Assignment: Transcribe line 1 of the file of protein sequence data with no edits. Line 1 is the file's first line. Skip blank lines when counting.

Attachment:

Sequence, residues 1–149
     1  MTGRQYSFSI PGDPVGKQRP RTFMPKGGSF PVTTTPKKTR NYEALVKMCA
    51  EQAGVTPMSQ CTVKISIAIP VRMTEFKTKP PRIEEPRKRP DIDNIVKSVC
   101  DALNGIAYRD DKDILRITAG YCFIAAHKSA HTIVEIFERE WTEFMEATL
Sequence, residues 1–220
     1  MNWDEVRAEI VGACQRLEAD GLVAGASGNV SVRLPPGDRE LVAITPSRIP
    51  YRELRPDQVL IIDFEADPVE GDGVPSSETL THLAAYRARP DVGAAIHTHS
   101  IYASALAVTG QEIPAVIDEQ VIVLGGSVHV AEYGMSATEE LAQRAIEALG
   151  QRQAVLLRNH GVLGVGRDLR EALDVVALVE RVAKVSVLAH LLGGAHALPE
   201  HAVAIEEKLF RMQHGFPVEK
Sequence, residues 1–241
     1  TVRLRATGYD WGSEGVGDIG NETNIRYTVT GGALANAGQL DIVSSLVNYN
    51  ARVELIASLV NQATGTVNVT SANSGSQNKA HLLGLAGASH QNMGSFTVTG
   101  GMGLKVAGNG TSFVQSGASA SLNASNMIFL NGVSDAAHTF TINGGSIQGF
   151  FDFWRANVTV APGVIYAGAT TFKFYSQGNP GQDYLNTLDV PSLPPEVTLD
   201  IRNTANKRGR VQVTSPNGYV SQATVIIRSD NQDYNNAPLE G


Sequence, residues 1–149